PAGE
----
U.S. helps partners tackle illegal fishing

By ShareAmerica -Aug 30, 2021

image U.S. Coast Guard officials, seen in January with members of the Guyana Defense Force Coast Guard, are helping partner nations combat illegal fishing. (U.S. Coast Guard/Petty Officer 3rd Class John Hightower)

The United States is helping partner nations combat illegal fishing to preserve food supplies, improve local economies and protect ecosystems.

The U.S. Coast Guard recently assisted the Pacific island nations of the Federated States of Micronesia, the Marshall Islands and Palau in enforcing illegal, unreported and unregulated (IUU) fishing. The effort helped partner nations improve maritime security and maintain resources of fish — a staple of the food supply — according to Palau officials.

We “want to build up our own capacity to [be] able to face the challenges in the world around us,” said Jennifer Anson, Palau’s national security coordinator.

IUU fishing often encroaches on coastal states’ sovereign rights. It threatens seafood stocks, undermines science-based fisheries management and puts legitimate producers at an economic disadvantage. IUU fishing also has been associated with forced labor.


In July, the Coast Guard issued a plan for countering IUU fishing (PDF, 6.20MB) that prioritizes answering nations’ requests for training and technical assistance in combating illegal fishing. The plan implements a September 2020 strategy (PDF, 5.13MB) that called for more targeted and intelligence-driven enforcement, as well as greater international cooperation.

For example, the Coast Guard partnered with Guyana, Brazil, Uruguay and Portugal in March to combat illegal fishing in the Atlantic Ocean. During Operation Southern Cross, U.S. officials practiced radio communication techniques with the Guyana Defense Force and trained with Brazilian officers on maritime law enforcement.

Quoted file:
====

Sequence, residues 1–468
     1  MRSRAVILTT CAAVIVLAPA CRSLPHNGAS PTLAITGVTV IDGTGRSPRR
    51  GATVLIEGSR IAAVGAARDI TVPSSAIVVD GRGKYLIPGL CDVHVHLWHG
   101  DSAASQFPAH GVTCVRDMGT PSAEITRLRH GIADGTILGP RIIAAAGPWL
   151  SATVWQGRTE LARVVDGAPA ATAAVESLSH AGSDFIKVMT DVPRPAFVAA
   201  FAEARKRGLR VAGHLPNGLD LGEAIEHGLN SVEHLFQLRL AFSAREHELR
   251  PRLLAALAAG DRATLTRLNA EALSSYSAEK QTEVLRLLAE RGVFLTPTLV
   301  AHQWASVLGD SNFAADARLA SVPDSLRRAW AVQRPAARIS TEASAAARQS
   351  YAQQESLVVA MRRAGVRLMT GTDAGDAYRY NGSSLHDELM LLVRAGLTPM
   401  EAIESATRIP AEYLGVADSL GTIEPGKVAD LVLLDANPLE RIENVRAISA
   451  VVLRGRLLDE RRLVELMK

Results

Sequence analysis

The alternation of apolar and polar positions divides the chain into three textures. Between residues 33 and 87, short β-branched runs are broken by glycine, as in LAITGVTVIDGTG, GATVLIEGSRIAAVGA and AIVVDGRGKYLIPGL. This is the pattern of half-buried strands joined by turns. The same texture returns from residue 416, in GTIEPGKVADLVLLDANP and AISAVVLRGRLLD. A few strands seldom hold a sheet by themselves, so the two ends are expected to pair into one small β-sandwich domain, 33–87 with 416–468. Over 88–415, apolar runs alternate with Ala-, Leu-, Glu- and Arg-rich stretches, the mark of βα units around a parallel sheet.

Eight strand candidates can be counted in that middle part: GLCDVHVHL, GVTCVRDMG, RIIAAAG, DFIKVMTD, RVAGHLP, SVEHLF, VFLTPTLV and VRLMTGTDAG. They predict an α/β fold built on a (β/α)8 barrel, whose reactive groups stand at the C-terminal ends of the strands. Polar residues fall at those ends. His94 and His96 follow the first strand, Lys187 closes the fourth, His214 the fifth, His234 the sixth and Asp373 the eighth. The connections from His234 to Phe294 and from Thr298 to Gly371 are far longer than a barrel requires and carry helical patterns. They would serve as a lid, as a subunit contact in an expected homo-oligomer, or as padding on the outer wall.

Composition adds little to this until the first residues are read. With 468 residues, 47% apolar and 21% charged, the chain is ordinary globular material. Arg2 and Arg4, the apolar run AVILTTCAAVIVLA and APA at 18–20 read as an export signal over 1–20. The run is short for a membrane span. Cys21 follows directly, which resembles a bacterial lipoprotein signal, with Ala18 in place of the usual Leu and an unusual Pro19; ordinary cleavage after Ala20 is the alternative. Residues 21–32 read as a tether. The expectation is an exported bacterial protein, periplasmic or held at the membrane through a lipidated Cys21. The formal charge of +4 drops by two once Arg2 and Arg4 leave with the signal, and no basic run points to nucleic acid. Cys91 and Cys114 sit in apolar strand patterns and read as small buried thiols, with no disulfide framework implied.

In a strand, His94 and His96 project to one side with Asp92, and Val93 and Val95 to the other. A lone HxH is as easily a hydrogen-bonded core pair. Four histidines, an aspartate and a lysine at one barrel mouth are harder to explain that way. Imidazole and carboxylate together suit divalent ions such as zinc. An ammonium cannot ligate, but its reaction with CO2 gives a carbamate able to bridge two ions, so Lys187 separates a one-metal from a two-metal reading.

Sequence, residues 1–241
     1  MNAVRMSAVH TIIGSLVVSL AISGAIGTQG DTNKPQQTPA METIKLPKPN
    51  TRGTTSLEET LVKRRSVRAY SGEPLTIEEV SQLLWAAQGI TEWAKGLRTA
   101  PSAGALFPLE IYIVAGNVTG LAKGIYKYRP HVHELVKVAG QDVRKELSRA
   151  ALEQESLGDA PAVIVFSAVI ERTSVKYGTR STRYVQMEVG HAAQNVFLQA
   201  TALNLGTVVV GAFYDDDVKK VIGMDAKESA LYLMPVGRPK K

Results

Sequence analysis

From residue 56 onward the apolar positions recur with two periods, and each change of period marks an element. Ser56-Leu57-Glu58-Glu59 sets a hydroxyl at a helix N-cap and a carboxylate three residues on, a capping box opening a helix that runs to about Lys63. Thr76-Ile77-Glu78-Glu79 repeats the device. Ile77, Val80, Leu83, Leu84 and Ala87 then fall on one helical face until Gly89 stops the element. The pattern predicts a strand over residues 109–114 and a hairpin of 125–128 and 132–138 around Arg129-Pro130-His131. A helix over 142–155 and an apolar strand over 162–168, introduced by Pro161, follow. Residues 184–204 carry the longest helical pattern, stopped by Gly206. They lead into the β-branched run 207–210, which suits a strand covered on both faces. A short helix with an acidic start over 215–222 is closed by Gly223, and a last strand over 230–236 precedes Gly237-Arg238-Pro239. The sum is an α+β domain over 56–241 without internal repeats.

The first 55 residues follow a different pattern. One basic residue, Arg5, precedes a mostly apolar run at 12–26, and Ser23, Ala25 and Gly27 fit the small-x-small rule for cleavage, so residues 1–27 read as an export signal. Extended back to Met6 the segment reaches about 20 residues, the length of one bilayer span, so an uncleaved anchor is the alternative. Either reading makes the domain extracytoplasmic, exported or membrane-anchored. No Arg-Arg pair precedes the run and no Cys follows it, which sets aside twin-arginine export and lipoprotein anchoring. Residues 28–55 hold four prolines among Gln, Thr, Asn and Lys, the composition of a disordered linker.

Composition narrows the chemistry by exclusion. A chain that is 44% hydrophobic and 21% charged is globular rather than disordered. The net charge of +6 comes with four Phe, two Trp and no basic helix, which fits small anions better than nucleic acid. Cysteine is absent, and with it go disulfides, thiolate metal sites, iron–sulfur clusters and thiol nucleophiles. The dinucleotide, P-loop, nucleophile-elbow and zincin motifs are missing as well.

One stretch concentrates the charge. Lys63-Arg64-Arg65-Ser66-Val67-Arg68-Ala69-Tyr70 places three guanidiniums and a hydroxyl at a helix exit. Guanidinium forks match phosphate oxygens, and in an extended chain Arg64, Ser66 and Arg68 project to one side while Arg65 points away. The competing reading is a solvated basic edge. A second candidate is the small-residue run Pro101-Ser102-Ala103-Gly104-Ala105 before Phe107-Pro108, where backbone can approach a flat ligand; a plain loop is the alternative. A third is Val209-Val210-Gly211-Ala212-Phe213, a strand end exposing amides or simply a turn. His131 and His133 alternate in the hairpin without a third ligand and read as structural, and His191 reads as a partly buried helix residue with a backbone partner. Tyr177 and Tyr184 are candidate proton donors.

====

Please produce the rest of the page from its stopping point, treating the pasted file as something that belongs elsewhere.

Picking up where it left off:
U.S. officials also trained Ecuadorian prosecutors on enforcing against and deterring IUU fishing. In July, a former U.S. prosecutor traveled to Ecuador to support prosecutors in the Galápagos Islands, where in 2017 Ecuador seized a vessel carrying 300 tons of wildlife, mostly sharks.

“If IUU fishing continues unchecked, we can expect deterioration of fragile coastal States and increased tension among foreign-fishing nations, threatening geo-political stability around the world,” Coast Guard Lieutenant Commander Jason Holstead said in a July statement on U.S. support for Pacific island nations’ efforts against IUU fishing.



  • The Island nations should be thankful to have a compact with the US, without the compact the resource probably collapsed by now like the other seas have.
  • Actual title-US secures stolen territory to prevent other competition from stealing indigenous resources.

    There's no such thing as partners when it comes to being under imperial us rule.
  • under imperial? that's the olden days Mrnobody, the reality is, the US is doing this free of charge to these islands nations but in return, they get to control this area from other major illegal players. I think this a win deal for these helpless nations.
  • The reason it's called the Compact of FREE Association is that both countries in a compact agreement VOLUNTARILY choose to sign it, and either side can voluntarily end it if they so choose.
  • Yes FM. exactly! and in this time and age, it will be hard for USA to do so, but some politicians in the US Congress are busy devaluing the agreement base on the defense denial rights since they never get to use it in the last few decades..
  • I agree, visafree. As the old saying goes, "Use it or lose it."
  • COFA didn’t exist then.We were forced to agree to this.Micronesia,Polynesia,&Melanesia will never belong to imperial USA.The pacific will and always be indigenous.The only illegal activity here are the western nations taking what valuable resources as they please well as further harming the environment with their military might.

    Keep barking you traitorous parasites when the revolution comes you will all be sorry.
  • Forced to agree? I believe there were negotiations that went on since the sixties. options were put on the tables, complete independent, commonwealth, or COFA. finally, COFA was the best option.. check your history Mr. Noboday.. and Stop the whining and bring something more productive at least?. have a good day!
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